Old giant threes with fat, twisting trunks that outlived their colonial planters, spread forth their huge branches of green leaves over the Seventh Day Adventist Hospital, Jengree in Bassa Local Government Area, LGA, of Plateau State.
The hospital, said to be over 60 years old, bore all the trappings of colonial structures in Nigeria – simple homes of asbestos roofs with walls made of stones and well spaced from each other; and rows of flower beds all over the place.
In one of the wards, Pastor Emmanuel Danjuma Garkida lay on his sick bed bare-chest, with sunken eyes that seemed to stare at nothing. There was a wide band of bandage on his lower abdomen. The story behind the bandage is a summary of the bloodlet that took place in Saminaka in Lere LGA, Kaduna State, on April 13 and 14 after the 2015 gubernatorial election. In barely audible voice, Garkida, who hails from Borno State, narrated to Sunday Vanguard his close shave with death.
“I come from Borno State, but I am a serving pastor with the Redeemed Church of God, Yobe Province,” he stated.
“My wife is a native of Abadawa, Saminaka in Kaduna State and she had come back to her parents and put to bed a baby boy a week earlier. I had come to see her, my kids and her family, and I could name the new child.
“I took a bike, that morning to go see my fellow pastor in the other side of Saminaka to help officiate the ceremony”.
According to him, on arriving the Saminaka main bridge, on the Jos-Zaria Expressway, met had a grim encounter.
Saminaka’s green line
The bridge has for long served as a kind of green line between the two major political parties in the country, and the two main religions. Sunday Vanguard learnt that the two group of people had always voted in opposite directions in all elections since 1999. Some said it even dated back before then.
Christians and some Hausa/Fulani occupy the eastern part of the bridge and dominate the Abadawa ward where the Peoples Democratic Party, PDP, has a comfortable base in the town. The western part, called Hayin Gada and populated mostly by Hausa/Fulani and Muslims, but with good presence of other tribes, is a bastion of the All Progressives Congress, APC.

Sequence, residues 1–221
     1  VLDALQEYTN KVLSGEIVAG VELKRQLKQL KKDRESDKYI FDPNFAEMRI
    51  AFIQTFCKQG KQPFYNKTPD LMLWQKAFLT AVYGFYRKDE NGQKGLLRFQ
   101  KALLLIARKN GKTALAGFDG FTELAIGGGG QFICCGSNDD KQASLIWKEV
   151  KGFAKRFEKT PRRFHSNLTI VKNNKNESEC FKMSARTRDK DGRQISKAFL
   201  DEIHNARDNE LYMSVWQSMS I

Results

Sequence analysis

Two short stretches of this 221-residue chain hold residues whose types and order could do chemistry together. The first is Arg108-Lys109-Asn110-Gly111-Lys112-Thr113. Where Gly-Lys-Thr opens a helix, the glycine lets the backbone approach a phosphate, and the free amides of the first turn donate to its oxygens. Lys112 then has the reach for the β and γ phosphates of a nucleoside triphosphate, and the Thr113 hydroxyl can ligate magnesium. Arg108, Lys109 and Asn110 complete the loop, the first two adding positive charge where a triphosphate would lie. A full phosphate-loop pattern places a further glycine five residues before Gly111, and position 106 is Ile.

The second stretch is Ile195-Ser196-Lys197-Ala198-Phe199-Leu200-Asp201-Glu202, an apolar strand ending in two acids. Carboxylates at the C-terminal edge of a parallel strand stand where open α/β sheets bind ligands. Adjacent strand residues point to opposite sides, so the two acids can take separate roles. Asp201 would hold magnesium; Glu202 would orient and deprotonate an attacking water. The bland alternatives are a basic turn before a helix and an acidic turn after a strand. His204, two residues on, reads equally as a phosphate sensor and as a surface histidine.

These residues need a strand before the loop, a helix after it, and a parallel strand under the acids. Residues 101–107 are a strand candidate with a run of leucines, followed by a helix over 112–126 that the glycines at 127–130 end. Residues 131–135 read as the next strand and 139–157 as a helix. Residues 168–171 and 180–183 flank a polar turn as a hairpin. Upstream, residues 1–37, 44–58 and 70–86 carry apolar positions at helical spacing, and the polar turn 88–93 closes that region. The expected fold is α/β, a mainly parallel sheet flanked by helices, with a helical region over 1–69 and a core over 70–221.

‘Kill the infidel, cut him down!’
“I reached the bridge on my way to Abadawa when I met some Hausa youths carrying weapons and inflicting injuries on passersby who were not of their own. But since I know some of the boys, I asked them to show mercy on people. To my surprise some of them started yelling, “Kill him! Kill the infidel! Cut him down!”, he said. “One of them rushed at me with a machete. I don’t know how I managed to grab him and threw him away. Another came with a sword and aimed at my neck, I used my hand to receive the blow.
“I started running, and one of them used a cutlass and wounded me at the back of my head. I started bleeding and I could feel the blood dripping on my clothes. I kept running, and they kept hitting me with sticks and stabbing me with knives until I fell.
Saved by a stranger
“As they were coming to finish me off, the last thing I remembered was that a Hausa man, well dressed in white agbada and cap sped on a bike and arrived at my side.
”The man shouted at them in Hausa, ‘leave this man alone and disappear now! Are you not satisfied that you have killed him? Every one of you must leave immediately I don’t know what happened afterwards. I went into coma, the bleeding and pains were too much.
“The man whom I had never met before was said to have stayed there with me, as I later learnt, until my friend, Skido, a Yoruba man, came and evacuated me to an hospital in Saminaka. I was told that I had ruptured intestine.
“The doctor had to bring out my entire intestine and clean up by stomach before stitching me back. I have been stabbed in many places. You can see the healing wounds. I was brought here to Jengree when my condition got worse. But I am fine now. And I thank God for sparing my life. My sister and mother have been the ones bearing the emotional and financial burden of this problem alone”.